Anyone who has been around in this part of Europe for a while, and has been the slightest worried for the reputation of the Costa del Sol, could have known, whether by reading the ocassional newspaper, browsing through expat webforums or just being curious, that fraudsters are still massively cold-calling victims, on false pretences, to extract money for nothing. However, anyone who is a lawyer working with foreigners, should be by now absolutely certain that this is nothing but a scam, and report it to the police and the Law Society, as we have.

So since ME is taking me to the criminal courts on counts of defamation and libel, I decided to demonstrate them, before the hearing takes place, that they are not only very very mistaken, but also their actions can bring them shame and oprobium for the foreseeable future. Therefore, I called up two numbers provided to me on the Ramirez and Ramirez website to find out how this young and dynamic firm with over a decade of experience (sic, even though the domain name was registered last October 2009), or the leading law firm specializing in litigation (sic, even though the gentleman on the phone denies being a law firm) could help clients in getting funds back.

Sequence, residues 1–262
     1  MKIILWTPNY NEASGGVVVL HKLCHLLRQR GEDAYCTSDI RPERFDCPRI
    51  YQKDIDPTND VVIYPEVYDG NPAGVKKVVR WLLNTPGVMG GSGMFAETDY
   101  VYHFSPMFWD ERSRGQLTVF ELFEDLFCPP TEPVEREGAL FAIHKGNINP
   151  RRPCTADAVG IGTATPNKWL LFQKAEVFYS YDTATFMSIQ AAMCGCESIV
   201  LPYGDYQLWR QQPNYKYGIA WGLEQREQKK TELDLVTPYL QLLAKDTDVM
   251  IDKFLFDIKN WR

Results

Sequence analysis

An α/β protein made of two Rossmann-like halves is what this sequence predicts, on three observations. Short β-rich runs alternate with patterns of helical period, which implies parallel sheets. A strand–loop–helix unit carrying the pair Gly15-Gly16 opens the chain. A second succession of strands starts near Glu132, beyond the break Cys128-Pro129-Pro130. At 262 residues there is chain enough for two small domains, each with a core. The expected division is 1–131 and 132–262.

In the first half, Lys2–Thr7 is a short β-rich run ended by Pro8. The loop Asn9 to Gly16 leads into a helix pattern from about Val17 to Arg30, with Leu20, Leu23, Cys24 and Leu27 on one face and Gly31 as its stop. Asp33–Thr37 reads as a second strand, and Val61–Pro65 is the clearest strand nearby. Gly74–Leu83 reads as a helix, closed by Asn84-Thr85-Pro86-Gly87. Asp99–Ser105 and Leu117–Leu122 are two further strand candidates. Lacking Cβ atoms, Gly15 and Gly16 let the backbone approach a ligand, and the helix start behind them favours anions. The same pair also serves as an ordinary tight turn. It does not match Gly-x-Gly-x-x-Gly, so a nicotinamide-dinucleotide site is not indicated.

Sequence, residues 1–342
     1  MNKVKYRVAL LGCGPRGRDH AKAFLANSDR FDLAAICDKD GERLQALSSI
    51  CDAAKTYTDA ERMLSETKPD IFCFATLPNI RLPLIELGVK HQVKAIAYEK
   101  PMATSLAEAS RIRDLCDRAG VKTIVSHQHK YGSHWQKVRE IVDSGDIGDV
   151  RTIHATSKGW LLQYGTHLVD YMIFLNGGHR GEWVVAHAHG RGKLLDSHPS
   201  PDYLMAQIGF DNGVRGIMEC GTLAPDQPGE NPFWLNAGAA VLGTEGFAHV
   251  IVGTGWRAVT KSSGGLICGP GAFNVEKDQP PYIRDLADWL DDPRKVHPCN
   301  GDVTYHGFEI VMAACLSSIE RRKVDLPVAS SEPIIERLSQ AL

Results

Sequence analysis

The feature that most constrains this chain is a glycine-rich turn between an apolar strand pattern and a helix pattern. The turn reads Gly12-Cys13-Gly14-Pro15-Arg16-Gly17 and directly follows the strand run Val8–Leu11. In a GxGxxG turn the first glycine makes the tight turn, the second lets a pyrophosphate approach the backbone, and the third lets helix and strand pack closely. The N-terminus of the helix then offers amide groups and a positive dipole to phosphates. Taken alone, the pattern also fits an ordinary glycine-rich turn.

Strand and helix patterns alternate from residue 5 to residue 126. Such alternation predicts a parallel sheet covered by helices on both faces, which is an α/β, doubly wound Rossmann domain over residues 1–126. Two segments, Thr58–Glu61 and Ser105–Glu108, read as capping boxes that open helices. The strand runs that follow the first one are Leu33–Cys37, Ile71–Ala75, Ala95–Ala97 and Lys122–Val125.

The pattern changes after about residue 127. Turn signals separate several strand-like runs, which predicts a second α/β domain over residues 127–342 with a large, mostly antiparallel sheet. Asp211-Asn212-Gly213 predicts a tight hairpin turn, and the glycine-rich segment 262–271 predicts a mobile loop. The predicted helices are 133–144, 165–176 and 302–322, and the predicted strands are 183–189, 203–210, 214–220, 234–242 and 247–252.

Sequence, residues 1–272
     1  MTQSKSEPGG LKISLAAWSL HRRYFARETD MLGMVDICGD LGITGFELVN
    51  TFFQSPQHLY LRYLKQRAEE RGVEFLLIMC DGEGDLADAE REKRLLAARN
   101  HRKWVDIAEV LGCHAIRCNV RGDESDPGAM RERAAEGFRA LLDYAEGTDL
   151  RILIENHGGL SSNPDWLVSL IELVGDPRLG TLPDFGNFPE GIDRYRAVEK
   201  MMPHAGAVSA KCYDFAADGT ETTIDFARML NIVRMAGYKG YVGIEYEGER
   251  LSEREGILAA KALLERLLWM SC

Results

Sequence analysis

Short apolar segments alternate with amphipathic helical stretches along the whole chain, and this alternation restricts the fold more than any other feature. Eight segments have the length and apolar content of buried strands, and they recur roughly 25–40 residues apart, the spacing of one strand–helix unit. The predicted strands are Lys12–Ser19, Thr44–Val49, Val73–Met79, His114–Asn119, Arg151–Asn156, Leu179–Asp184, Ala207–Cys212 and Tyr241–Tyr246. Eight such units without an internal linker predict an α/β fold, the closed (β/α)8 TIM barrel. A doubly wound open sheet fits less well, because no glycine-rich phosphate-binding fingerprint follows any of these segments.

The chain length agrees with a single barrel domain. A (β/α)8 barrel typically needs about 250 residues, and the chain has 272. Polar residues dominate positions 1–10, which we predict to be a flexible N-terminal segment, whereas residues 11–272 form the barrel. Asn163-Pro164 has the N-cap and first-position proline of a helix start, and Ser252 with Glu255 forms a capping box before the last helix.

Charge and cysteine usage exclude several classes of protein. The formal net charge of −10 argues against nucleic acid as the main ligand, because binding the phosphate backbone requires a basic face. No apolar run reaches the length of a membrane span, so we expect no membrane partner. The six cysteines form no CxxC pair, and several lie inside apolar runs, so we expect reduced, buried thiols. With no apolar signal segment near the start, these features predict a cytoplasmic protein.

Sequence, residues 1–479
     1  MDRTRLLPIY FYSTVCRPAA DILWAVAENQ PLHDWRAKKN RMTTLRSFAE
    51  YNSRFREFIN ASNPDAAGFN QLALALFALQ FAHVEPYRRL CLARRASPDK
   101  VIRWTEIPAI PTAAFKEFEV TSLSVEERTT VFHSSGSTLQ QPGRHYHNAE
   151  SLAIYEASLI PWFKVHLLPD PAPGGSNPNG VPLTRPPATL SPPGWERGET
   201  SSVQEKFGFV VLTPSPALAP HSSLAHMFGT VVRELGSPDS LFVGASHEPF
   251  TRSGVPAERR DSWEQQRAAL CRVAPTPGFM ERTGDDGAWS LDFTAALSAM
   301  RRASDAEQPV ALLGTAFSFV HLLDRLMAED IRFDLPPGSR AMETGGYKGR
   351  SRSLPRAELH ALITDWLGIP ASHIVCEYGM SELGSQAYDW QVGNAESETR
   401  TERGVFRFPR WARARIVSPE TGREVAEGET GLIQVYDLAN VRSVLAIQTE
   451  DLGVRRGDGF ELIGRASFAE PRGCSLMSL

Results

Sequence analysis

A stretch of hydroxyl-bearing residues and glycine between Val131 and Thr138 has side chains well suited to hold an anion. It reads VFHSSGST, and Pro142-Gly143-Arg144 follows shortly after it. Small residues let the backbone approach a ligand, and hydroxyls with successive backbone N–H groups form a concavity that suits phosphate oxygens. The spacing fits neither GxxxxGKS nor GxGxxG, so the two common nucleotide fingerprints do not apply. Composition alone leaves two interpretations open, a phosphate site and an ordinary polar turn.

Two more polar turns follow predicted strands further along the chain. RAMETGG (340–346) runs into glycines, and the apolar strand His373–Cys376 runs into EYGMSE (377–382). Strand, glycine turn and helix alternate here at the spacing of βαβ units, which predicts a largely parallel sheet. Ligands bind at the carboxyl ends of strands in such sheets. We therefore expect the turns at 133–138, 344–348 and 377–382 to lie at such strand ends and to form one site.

The Recordings

The first recording is in English and not complete due to a technical glitch, but is enough to infer that something somewhere is not right with the “young and dynamic leading litigation law firm with ten years of experience”.